An outline of the nature of the difficulty and the dyslexic’s particular learning needs; phonic programme – outline of the progression of work, testing to establish level of competence and monitoring learning; approaches and procedures for teaching – how the programme might be implemented starting with pupils at different ages and with different levels of skill; some key topics in the phonic work and how these might be tackled; reading – general approach, needs at different stages, helping basic sub-skills, blending of sounds, reading whole words, word recognition, approaches to books; materials, teaching aids and games; other areas needing help – calendar, time, alphabet, dictionary work, handwriting, importance of oral work; technology – computers for reinforcement of spelling work and as word processors, tape recorders; transfer of work from individual lesson into general curriculum; helping with general curriculum work; importance of classroom support for dyslexic pupils; samples of pupils’ writing to illustrate work at various stages; suggestions about priorities for work and ways of dealing with the difficulties showm; list of materials – teaching aids, workbooks, suitable reading material, computer programs.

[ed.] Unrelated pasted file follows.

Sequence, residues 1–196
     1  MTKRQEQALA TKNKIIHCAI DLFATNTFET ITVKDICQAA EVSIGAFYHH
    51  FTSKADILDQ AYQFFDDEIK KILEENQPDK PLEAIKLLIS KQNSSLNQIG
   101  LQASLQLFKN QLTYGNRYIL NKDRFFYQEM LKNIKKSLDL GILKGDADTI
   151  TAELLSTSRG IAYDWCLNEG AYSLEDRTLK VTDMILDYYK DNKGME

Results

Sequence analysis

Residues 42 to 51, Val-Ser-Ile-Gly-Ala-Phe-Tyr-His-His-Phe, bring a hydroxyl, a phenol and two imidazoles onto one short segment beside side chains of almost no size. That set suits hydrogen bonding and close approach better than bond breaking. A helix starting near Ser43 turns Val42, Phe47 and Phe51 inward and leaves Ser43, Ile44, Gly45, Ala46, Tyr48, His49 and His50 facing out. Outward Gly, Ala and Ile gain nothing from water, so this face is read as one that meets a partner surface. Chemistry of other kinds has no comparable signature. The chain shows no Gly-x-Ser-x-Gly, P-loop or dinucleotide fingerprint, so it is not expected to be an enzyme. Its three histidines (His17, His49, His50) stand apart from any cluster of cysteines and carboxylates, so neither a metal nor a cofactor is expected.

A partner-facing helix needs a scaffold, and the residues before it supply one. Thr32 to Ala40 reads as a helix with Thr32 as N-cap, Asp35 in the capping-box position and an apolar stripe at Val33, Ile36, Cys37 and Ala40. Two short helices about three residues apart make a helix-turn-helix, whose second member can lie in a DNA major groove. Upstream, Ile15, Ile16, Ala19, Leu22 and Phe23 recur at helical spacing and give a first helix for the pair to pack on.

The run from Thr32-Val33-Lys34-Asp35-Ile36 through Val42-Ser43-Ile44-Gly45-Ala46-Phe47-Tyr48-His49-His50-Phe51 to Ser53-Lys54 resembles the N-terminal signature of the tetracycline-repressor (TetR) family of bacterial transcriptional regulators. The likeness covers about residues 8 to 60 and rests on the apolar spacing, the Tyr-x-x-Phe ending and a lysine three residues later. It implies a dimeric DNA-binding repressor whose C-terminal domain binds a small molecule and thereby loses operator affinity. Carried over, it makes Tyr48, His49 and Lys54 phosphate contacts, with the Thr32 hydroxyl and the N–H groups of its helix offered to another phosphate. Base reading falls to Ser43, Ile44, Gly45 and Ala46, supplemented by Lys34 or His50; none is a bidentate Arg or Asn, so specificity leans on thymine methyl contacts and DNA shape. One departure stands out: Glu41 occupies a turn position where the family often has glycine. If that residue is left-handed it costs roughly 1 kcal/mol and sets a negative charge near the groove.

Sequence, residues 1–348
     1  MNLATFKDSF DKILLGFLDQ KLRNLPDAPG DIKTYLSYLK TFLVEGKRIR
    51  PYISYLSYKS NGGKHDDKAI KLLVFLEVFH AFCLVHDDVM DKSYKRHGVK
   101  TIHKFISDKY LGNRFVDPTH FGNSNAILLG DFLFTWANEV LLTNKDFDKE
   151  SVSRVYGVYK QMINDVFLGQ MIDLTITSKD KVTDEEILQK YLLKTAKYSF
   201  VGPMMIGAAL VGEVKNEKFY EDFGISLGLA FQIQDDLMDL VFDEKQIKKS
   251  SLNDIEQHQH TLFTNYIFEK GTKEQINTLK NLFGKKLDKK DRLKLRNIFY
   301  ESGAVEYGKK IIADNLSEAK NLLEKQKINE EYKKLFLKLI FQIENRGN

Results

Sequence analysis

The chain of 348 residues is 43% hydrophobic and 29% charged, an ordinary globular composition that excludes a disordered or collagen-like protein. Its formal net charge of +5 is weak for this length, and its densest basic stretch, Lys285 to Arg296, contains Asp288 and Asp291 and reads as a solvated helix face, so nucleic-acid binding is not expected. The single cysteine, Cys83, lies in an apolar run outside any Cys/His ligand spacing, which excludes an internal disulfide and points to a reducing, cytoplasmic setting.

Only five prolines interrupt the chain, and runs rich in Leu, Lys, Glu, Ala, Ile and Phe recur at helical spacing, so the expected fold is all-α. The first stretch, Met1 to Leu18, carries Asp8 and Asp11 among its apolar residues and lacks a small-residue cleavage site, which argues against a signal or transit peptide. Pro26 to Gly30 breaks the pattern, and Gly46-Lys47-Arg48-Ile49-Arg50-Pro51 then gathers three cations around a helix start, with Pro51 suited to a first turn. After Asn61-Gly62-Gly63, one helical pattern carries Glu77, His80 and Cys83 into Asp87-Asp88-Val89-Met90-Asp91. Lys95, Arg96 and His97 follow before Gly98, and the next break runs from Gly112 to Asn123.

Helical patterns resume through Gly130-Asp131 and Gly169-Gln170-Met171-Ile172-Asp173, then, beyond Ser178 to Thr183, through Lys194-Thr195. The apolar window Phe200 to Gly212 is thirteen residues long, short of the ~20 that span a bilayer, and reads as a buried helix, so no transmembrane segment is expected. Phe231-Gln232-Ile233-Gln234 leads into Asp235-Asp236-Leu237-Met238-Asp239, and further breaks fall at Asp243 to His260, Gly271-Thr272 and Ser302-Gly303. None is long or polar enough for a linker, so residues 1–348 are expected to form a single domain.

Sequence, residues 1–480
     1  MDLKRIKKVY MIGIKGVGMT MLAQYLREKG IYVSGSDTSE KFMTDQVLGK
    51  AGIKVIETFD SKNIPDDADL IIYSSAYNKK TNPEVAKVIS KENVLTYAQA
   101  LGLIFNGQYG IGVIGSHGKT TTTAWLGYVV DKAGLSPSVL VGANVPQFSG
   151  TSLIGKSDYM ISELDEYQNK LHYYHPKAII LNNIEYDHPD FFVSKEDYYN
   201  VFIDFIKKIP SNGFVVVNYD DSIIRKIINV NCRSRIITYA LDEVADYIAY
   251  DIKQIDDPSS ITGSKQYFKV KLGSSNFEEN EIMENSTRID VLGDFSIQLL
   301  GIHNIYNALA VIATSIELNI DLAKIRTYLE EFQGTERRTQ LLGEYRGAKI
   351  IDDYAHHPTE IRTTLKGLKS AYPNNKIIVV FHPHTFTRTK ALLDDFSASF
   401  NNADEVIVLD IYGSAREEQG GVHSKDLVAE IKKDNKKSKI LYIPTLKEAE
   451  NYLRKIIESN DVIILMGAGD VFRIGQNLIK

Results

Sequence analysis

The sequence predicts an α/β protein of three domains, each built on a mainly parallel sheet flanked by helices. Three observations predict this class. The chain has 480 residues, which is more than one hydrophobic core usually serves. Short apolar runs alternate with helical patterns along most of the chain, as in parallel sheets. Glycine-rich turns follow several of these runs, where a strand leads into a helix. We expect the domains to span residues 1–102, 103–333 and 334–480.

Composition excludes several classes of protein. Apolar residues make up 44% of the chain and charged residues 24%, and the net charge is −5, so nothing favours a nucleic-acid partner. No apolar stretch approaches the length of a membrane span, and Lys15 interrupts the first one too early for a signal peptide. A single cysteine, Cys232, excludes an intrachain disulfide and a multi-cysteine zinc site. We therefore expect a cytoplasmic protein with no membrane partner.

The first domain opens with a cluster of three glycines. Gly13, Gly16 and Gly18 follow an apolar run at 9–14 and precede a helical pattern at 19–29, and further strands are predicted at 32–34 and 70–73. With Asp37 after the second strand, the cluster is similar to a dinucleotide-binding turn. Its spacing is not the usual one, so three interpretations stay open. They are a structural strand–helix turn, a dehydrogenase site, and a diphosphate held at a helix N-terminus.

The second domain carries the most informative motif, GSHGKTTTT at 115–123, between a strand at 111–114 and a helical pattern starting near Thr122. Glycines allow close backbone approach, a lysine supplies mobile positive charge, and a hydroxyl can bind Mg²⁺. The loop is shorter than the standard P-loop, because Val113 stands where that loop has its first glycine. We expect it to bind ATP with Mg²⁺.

Teaching Voice (The) (Reference #P/TEA4WH)
Authors: Stephanie Martin & Lyn Darnley
This work provides information on voice care, and an understanding of the physiology of voice. Advice is also given on aspects of delivery, communication skills and classroom strategies.|This is supported by exercises for developing the resonance, range and projection of the voice. This book helps teachers and professional voice users to understand how the voice works and to explore some of the factors that influence voice production.
‘This Book Doesn’t Make Sens Cens Sns Scens Sense’ (Reference #P/THI1WH)
Author: Jean Agur